As proprietors of one of the oldest comedy clubs in the country, the Glazer family has experience negotiating economic minefields that have destroyed lesser characters in the entertainment industry over the past 35 years. While a number of other Kansas City clubs has altered format or simply shut down recently, Stanford and Sons has endured by adopting a creative new business model--a change that owner Craig Glazer suggests is marking a new era in the comedic profession and entertainment culture.
Before I meet Craig, one of the comedians on the night's roster tells me he could be described of as "more 'L.A.' than anyone in L.A." That had me confused until the 50-something club owner made an appearance in the blue "Green Room." Constantly on the move and talking non-stop in his cigarette-scarred rasp, Craig projects the kind of voluble hyperactivity of a real operator. His semi-pompidour hair, scruffy goatee, and heavy dark-framed glasses complete the portrait of a unique character--one somewhat crazy, very possibly shady, and inarguably brilliant. One of my favorite types of people.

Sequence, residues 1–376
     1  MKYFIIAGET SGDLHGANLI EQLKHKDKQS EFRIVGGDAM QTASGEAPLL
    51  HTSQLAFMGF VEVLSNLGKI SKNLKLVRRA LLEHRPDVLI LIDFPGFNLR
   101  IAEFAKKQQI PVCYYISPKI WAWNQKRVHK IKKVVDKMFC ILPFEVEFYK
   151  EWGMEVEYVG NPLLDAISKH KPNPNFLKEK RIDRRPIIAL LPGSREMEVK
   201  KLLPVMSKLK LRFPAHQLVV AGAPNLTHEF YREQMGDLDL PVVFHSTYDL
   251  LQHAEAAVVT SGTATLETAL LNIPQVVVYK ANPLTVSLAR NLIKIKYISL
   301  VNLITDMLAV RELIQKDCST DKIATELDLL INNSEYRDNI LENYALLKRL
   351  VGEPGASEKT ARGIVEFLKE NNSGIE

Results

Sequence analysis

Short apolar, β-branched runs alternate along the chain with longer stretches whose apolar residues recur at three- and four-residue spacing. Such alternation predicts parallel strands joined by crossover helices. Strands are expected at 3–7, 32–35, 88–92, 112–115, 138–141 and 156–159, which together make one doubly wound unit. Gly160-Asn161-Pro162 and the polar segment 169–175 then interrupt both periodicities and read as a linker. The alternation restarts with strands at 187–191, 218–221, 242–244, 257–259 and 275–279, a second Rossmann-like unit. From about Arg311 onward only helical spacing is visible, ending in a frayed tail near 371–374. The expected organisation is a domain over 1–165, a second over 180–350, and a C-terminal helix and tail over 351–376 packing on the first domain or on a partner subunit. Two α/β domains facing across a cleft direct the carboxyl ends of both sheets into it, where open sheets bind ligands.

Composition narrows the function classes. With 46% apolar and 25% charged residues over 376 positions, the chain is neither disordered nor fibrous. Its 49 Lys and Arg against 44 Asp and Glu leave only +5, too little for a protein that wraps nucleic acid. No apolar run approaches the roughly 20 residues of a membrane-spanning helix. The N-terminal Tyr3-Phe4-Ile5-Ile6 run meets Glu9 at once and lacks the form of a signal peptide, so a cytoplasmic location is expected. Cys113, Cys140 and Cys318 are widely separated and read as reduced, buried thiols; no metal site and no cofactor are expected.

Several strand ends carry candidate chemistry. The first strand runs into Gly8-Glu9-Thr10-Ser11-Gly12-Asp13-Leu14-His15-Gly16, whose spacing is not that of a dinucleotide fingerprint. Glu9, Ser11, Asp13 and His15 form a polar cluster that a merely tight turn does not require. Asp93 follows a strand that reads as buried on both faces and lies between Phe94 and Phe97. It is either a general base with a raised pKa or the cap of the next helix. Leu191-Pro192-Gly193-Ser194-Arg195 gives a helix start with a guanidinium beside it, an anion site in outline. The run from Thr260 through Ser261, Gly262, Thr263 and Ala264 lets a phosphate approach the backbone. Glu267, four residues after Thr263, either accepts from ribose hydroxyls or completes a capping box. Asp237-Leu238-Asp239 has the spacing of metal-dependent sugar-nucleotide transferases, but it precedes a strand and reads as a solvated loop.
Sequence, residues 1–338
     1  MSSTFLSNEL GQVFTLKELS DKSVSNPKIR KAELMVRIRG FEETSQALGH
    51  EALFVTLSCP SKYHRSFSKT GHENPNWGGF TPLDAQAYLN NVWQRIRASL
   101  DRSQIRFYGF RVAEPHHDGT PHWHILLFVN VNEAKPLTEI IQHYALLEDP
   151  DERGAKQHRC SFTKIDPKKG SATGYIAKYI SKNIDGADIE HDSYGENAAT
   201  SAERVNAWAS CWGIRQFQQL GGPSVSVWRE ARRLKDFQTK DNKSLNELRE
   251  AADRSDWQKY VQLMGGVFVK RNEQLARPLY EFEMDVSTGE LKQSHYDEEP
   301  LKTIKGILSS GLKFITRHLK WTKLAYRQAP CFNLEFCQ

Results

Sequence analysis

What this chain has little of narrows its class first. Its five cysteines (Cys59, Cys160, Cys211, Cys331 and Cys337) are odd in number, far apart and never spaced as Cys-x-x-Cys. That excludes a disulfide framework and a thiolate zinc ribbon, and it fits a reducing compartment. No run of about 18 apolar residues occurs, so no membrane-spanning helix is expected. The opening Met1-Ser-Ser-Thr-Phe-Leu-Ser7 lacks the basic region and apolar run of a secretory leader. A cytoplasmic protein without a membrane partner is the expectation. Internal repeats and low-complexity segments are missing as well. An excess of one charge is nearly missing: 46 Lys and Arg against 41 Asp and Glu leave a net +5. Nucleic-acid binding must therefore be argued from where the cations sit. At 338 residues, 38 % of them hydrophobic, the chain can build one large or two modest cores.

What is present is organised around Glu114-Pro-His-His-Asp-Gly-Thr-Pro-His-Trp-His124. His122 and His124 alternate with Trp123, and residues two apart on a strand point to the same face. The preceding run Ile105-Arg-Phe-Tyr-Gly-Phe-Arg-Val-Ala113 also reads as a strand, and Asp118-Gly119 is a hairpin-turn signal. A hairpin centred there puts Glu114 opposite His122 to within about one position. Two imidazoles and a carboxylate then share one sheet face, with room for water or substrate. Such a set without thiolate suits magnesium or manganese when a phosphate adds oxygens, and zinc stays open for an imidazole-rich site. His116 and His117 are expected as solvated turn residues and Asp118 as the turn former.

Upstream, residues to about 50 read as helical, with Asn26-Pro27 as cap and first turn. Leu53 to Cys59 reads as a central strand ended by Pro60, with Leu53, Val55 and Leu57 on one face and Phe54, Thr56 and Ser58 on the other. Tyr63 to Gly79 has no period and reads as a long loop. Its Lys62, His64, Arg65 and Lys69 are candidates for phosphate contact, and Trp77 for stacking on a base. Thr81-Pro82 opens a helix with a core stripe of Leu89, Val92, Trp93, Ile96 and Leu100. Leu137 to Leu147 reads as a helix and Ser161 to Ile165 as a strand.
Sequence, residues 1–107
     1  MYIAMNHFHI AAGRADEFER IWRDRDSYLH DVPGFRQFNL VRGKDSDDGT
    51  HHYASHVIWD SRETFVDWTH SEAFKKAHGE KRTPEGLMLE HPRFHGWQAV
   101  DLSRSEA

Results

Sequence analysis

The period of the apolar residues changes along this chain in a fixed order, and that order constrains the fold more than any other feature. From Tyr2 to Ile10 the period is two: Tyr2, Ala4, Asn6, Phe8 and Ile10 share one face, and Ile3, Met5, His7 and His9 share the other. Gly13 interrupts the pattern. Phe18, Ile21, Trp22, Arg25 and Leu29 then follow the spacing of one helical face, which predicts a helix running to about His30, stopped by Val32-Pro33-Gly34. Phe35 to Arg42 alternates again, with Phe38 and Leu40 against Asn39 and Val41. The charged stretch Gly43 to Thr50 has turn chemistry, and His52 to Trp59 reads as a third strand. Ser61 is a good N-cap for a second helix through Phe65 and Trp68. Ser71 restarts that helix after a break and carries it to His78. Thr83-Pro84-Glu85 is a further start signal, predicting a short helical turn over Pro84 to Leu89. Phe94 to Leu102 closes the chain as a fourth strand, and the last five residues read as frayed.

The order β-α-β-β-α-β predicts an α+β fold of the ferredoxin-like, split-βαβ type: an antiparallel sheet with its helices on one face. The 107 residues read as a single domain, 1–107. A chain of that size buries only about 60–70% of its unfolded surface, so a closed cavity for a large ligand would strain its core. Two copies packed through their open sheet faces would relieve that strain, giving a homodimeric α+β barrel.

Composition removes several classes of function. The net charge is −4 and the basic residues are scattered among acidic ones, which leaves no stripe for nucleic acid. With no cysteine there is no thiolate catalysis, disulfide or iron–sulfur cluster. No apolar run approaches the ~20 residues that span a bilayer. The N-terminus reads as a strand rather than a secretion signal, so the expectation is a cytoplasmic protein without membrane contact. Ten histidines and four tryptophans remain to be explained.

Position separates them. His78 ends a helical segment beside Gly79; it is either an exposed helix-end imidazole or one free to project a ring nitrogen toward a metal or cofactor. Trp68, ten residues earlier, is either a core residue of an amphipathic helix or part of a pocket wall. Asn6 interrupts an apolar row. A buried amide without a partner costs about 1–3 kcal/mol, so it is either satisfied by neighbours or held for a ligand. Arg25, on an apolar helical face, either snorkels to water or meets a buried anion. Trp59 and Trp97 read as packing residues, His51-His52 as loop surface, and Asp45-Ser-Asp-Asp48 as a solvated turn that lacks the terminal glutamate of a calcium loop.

Craig regales me with tales about his past as a college student turned con artist ripping off drug dealers turned undercover cop--a life story chronicled in his memoir The King of Sting, now under development as a feature film. With digressions so interesting, I have to keep reminding myself to ask about how comedy is surviving the recession.